General Secretary of the Guyana Trades Union Congress (GTUC) Lincoln Lewis says that the invitation by the Private Sector Commission (PSC) to the Leader of the Opposition, who is also Leader of APNU, David Granger, ignores the fact that the achievement of the budgetary cuts “were not singularly done by APNU.”
Lewis emphasized that the budgetary cuts “would not have been possible with APNU alone and most importantly were not even initiated by APNU.”
In a statement yesterday titled ‘Political and Social Partnership Engagement’, the GTUC general secretary maintained that any discussion of the impact of these budgetary cuts or efforts to help the nation understand and appreciate the said cuts “should not be done at the exclusion of the AFC and should also take on board all major stakeholders.”
Moreover, Lewis asserted that the GTUC will be monitoring very closely APNU’s response to the PSC, “whether it meets with the PSC in combination with the PPP or with the PSC as a separate stakeholder.”
Lewis said further that any discussion, agreement or negotiation emanating from any meeting in its proposed format will be seriously scrutinized as well as the participants.
“This nation and those who give the opposition its strength must ensure that the gains they fought for in the 2011 are not eroded by PPP subterfuge, (and) it is our right and responsibility to do so,” Lewis affirmed.
He had earlier referred to the May 6 Stabroek News article headlined, ‘Granger plans to meet PSC on concerns over budget cuts’ in which Granger was reported as saying that “he has agreed in principle to meet the Private Sector Commission (PSC) over its concerns about the $21 billion budget cuts but intends to take its request to the executives of the APNU before confirming.”
The GTUC, Lewis said, wishes “to make its position and concerns known since the PSC has specifically requested that the meeting be held among APNU, themselves, the government and the PPP.”
According to Lewis, “in the eyes of the public this may be perceived as an act to bring the APNU and PPP together in negotiation and dividing the opposition.”
He also pointed out that the cuts on the budget were the acts of the combined opposition with the support of their constituents.
“The budget and its cuts hold the interest of all in society, including labour, and the AFC. It is timely and significant in a society where government has lost all sense of reasonableness and ignores demands for good governance and accountability of the nation’s financial resources,” Lewis contended.
He also suggested that it would therefore be most prudent for the Leader of the Opposition to convene such meetings with a view of determining a way forward relative to the decisions taken. It is important to ensure that the people’s resources are managed in a way that would restore good governance and accountability.
Lewis insisted that the government has shown its hand that its strategy to manage the affairs of the state “will continue to be efforts to divide and rule, to plunder, exploit, and misrepresent issues in the hope of escaping accountability.”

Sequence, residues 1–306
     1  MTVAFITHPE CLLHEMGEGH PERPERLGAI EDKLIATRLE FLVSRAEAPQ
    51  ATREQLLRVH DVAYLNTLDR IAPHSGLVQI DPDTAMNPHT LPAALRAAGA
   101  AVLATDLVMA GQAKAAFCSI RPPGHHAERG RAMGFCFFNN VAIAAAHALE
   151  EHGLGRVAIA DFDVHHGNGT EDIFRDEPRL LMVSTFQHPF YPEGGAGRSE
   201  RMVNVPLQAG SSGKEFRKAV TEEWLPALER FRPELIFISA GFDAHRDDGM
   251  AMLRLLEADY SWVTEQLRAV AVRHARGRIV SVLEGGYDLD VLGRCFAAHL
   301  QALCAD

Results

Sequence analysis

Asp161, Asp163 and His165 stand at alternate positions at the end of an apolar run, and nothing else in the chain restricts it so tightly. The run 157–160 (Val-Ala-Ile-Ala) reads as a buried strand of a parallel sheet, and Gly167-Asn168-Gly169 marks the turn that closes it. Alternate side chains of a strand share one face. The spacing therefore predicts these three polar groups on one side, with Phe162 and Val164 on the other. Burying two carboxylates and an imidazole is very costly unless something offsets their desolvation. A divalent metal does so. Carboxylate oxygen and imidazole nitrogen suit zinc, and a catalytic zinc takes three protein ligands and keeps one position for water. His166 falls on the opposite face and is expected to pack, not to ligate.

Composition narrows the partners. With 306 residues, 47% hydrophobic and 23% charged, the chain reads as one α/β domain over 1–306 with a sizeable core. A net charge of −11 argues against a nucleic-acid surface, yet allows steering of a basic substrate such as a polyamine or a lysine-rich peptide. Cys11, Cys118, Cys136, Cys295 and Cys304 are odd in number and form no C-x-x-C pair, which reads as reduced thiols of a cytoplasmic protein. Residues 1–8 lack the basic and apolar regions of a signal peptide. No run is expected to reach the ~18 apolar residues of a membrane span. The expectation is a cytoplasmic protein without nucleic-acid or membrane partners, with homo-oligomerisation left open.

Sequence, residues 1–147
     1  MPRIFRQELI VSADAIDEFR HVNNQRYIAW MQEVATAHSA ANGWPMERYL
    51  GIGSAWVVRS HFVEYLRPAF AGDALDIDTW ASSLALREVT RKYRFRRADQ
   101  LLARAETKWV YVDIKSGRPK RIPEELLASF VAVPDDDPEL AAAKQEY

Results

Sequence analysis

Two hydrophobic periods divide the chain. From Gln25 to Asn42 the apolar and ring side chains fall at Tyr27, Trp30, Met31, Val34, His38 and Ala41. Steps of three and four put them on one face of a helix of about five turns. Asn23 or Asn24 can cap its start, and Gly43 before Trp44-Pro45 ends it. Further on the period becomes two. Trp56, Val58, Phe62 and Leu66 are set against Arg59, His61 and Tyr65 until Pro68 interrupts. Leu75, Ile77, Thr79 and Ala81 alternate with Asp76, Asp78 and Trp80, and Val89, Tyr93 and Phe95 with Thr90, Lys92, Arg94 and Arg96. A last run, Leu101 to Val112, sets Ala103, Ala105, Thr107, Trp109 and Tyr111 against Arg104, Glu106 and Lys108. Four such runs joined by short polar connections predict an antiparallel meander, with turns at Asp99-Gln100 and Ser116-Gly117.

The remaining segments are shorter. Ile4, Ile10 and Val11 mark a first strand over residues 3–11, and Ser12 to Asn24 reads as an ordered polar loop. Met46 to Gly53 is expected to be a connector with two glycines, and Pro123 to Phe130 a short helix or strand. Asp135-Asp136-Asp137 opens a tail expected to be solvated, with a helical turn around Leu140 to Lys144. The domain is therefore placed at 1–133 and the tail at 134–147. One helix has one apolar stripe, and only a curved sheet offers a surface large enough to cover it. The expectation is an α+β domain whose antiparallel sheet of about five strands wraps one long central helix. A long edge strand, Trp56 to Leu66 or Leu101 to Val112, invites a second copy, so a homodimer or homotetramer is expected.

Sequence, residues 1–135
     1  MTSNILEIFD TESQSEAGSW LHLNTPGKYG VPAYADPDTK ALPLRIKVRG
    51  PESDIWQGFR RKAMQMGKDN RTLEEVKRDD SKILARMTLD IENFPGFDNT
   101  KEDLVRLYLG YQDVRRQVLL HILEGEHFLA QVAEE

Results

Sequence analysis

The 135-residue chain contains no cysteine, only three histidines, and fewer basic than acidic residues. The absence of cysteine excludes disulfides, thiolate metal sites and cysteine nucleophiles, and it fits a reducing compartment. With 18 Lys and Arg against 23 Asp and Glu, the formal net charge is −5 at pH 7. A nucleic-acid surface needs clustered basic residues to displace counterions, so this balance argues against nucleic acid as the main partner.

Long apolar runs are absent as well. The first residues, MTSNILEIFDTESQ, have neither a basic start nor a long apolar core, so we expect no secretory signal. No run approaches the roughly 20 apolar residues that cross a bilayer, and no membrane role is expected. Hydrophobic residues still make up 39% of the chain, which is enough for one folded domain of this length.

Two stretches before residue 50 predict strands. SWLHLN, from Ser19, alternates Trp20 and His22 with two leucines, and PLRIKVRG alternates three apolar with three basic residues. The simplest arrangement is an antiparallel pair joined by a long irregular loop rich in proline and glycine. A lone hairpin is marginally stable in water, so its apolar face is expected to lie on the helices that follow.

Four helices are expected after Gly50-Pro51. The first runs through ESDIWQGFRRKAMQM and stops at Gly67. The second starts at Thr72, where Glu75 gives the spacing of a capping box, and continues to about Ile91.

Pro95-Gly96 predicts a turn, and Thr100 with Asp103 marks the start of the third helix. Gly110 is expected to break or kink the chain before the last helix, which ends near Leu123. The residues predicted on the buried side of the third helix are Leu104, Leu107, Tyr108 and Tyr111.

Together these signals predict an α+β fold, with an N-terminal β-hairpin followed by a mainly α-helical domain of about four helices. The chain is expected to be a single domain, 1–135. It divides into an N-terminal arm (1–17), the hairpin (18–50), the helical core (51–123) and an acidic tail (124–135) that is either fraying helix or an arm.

In that light, Lewis said further, the “PSC’s effort to engage the government and APNU and/or the Leader of the Opposition with the non-involvement of the AFC and other stakeholders, would be an act of giving assent to a politics of divide and rule that has disregarded laws and principles, devastated this country, undermined peaceful co-existence and equitable development.”
The Leader of the Opposition in the new parliamentary dispensation, Lewis noted, has the opportunity to influence positive changes and success of the combined opposition in restoring accountability and governance.
“This has to start by respecting the foundational and supreme law of the land, the Constitution; universal declarations and international conventions, which give meaning to our existence as a nation and our relationship with each other in achieving the goals set out in these instruments that we subscribe to.” Lewis noted further that “the position of Leader of the Opposition is a constitutional one that requires representing issues on behalf of the society, which includes consulting with the AFC, labour and other stakeholders on matters that will affect their wellbeing.”
The GTUC general secretary pointed out that in accordance to the International Labour Organisation (ILO) tripartite structure, labour, employer and government sit as equals at the decision-making table to deliberate on societal matters, and the PSC is representative of the employer.
Lewis recalled that this is a mandatory relationship established since 1966 when Guyana joined the ILO. However, he charged that “under the Jagdeo leadership this tenet was treated with contempt for the first time and labour holds the new parliament accountable to bringing an end to such violations, promoting greater consultation as per constitution and international agreements, and promoting an environment of transparency.”
He also argued that the combined opposition in tandem with the cabinet must ensure that the articles of the Constitution that speak to these relationships are upheld and treated as sacred
Moreover, Lewis stressed that the recent budget cuts voted for by the combined opposition would best be discussed in an open and transparent atmosphere where all major stakeholders can air their concerns.